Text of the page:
Essay PreviewMore ↓
Hollywood capitalized on the ruggedly handsome actor, and carefully calculated each and every aspect of his persona. It all began when Hudson first arrived in Hollywood, and met talent scout Henry Wilson. Hudson, who was born Roy Scherer Jr., and later had his name legally changed to match his step father’s surname of Fitzgerald, was promptly renamed by Wilson when he arrived in Hollywood (IMDB). It is rumored that Wilson chose the name Rock Hudson after the Rock of Gibralter and the Hudson River, two very internationally powerful images, intended to create one very powerful international image (IMBD). After being renamed, Hudson’s teeth were capped and he was given acting, riding, singing, dancing and fencing lessons; thus finalizing his aesthetic transformation into the American dream(IMDB). His image was twofold on and off-screen, he was a mans-man and a ladies-man all rolled into one. In films he most popularly debuted as either a hero or a romancer. In his most critically acclaimed role, Hudson was able to display both of the shining sides of his persona.
How to Cite this Page
"Rock Hudsons Classic Hollywood Image." 123HelpMe.com. 04 Apr 2020
Need Writing Help?
Get feedback on grammar, clarity, concision and logic instantly.Check your paper »
- ... was a transnational film whose pursuit driven plot was filmed onsite at locations that were chosen purely because The Beatles’ wanted to travel there. (Sinyard; 1985:32) Help. also undermined the characterization of HDN in the fact that the characterization of the band members were, in Marx brother style, reduced to a single aspect: “George was mean, Paul cocky, John Sardonic and Ringo loveable.” (1985:34) This style was utilized once again in the animation Yellow Submarine (1967) This characterisation of the band is partly to blame for the poor reception that this film received.... [tags: rock rebel, rock culture]
1095 words (3.1 pages)
- Describe the classical Hollywood narrative structure. Use examples from the film Shadow of a Doubt to illustrate the structure. There are three acts in the classical Hollywood narrative structure. The first being Equilibrium (Belton, 2005). Equilibrium is where life for these characters follow normal daily routine. The second act is known as Disruption (Belton). Where normal affairs are changed by an incident. Finally, the last act is known as Restoration (Belton). Where life returns to a normality having changed or progressed from the incident.... [tags: Classical Hollywood cinema]
1257 words (3.6 pages)
- Slowly she asked "Is anyone there?" as she walked down the dark deserted road. When she heard a loud sound she turned abruptly trying again "Hello?" Met with only silence she picked up here pace almost running down the dirt road. Her nerves had just began to calm when she heard "WRRRREEENNNNNRRRRRRR" as a chainsaw started behind her. Running she started looking behind her hoping that whoever it was, wouldn’t catch her. With her lack of concentration she tripped over her high heels and face plants into the dirt, giving the murderer a chance to catch up.... [tags: Hollywood]
1963 words (5.6 pages)
- A rock is a naturally occurring substance or solid material which is composed of one or more minerals. There are three types of rocks namely – Igneous , Metamorphic and Sedimentary rocks. These rock are in a continuous cycle of process whereby they are changed from one type of rocks to another which may or may not be of different mineral composition. This processes is called Rock Cycle. The rock cycle symbolises an ever-changing Earth. The three types of rocks igneous, metamorphic, and sedimentary, record these changes, and it is up to geologists to observe the effects of the changes and try to decipher the clues and develop a history of the Earth.... [tags: Igneous rock, Sedimentary rock, Rock]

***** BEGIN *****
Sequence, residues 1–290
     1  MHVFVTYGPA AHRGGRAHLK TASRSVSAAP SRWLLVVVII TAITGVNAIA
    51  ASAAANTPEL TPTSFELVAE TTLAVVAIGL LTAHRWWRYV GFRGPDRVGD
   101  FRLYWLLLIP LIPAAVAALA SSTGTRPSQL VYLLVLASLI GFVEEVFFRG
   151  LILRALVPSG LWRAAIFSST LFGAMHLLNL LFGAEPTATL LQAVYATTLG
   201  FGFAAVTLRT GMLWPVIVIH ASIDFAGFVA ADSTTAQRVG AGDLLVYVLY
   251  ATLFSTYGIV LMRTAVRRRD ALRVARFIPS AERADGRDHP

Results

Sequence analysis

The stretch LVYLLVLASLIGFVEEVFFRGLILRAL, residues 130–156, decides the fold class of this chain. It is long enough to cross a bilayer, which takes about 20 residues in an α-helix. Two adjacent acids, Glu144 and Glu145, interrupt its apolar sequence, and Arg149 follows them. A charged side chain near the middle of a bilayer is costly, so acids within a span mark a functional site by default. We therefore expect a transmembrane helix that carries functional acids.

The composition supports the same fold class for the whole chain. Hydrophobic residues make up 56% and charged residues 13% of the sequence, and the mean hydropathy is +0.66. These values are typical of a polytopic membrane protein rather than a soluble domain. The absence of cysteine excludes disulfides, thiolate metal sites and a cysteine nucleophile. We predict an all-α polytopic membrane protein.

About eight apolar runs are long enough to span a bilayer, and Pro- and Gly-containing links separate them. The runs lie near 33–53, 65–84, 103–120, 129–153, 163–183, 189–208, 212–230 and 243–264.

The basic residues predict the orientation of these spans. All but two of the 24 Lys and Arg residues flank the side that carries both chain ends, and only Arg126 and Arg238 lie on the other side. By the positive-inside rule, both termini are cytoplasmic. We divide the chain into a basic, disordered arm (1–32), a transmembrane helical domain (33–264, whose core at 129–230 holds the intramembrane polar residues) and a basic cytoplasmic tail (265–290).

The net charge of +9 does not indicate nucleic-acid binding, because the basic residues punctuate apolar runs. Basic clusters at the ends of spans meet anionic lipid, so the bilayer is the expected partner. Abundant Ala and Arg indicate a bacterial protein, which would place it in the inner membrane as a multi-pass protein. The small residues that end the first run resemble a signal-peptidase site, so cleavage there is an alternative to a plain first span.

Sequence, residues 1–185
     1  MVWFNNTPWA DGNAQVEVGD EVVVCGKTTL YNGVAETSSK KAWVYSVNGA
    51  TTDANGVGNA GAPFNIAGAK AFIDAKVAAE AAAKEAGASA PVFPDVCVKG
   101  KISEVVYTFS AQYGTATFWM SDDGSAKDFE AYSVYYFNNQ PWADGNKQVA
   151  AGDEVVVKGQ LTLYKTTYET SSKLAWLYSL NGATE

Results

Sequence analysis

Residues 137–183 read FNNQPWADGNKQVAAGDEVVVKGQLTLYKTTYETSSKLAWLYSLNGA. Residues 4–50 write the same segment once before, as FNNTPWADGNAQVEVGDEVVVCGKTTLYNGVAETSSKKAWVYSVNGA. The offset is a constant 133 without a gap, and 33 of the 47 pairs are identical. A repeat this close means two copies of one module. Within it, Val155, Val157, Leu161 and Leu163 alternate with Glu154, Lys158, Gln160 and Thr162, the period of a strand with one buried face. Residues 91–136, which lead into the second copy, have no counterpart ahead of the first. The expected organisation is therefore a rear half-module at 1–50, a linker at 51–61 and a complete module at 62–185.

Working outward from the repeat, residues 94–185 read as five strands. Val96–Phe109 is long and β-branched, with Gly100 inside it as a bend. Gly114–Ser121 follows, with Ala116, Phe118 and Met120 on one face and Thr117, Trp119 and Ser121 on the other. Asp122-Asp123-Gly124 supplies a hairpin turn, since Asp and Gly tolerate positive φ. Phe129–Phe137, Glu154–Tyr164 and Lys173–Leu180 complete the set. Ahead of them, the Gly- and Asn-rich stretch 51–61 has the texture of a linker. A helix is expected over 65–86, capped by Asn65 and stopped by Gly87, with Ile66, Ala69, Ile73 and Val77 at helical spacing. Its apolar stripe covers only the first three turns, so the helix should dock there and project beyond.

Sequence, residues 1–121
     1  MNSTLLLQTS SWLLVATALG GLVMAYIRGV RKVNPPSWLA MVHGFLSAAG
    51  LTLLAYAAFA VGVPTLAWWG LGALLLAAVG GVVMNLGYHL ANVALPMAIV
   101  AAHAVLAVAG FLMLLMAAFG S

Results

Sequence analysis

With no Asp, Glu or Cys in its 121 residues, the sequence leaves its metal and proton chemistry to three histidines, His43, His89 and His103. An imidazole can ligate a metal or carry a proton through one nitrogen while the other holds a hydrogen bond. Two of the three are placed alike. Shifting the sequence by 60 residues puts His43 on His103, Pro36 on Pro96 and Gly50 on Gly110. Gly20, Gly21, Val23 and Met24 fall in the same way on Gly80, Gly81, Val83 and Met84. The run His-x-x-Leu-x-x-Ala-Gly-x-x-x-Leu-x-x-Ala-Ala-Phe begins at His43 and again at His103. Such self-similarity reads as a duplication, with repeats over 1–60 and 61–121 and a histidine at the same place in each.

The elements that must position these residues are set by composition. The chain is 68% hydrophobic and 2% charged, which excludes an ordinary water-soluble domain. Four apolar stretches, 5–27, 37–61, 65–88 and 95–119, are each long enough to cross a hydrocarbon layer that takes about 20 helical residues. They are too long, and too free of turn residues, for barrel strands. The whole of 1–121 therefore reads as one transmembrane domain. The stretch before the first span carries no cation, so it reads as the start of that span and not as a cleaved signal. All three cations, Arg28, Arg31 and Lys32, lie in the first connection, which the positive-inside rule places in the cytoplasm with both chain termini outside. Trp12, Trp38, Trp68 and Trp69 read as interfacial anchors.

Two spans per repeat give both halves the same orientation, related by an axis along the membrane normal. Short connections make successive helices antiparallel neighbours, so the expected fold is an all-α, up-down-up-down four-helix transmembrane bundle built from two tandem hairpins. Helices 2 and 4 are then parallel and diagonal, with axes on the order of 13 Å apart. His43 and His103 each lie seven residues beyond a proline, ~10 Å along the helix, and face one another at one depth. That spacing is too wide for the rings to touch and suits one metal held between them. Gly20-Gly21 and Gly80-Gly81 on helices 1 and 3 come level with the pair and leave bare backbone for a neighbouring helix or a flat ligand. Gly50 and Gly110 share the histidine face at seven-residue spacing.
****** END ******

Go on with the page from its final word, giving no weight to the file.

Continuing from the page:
1849 words (5.3 pages)
- Rock music has had its ups and downs over the past sixty or so years. It has gone from being seen as a sin or sexual term to a genre that has taken over the world and is not looking back. The genre had a unique beginning because it was the combination of jazz, gospel, blues, and western country music. Rock music also has its fair share of controversy, but it has many more bright points that have shaped the genre as a whole. With this being a new genre of music, many new ideas were brought into the music world that had never been thought of.... [tags: Rock music, The Beatles, Rock and roll, Blues]
1524 words (4.4 pages)
- Throughout the history of rock and roll, fashion influence has become increasingly commonplace in the industry. Taking stylistic risk when it comes to what clothes to wear has now become a trademark of various artists. These risks changed the very foundation of society in 1950, and gave the youth of this generation something to call their own. These teenagers became the driving force of the fashion industry, since clothing trends in the 1950s mostly catered to an adult fashion sense. As rock and roll became popularized from the 50s through the 70s, teens across the country rallied to copy the fashion sense of their favorite artists.... [tags: Rock music, Rock and roll, The Beatles, Clothing]
1842 words (5.3 pages)
- I was giving the opportunity to write about any lecture that was taught in class. I wanted to pick something that was easy and I enjoying learning about it. It was the rock cycle that caught my eye and attention. Just to learn more about the rock and how the rock was made it interesting. Also in lab I was able to identify the rock itself, what type of rock it was and how was it formed. I am a hands on learner, so it was great for me to able to touch and feel what the rock was made out of. Some rocks were hard while others were soft.... [tags: Sedimentary rock, Igneous rock, Rock]
988 words (2.8 pages)
- What is Hollywood. When I was a child, I did not understand the concept of “Hollywood”. I knew that there were famous men, women, and children (of whom I had no idea how or why they were famous) that were in the movies and on television shows that I watched and adored. I also knew that the Hollywood sign in California was associated with the big screen and entertainment. I was not aware, however, of the rich history and Americana behind the famous big-lettered sign. Found in California, the enormous, sprawling “Hollywood” letters are like a welcome sign for entertainers from all over the country and even the world.... [tags: Film, Los Angeles, Actor, Hollywood Walk of Fame]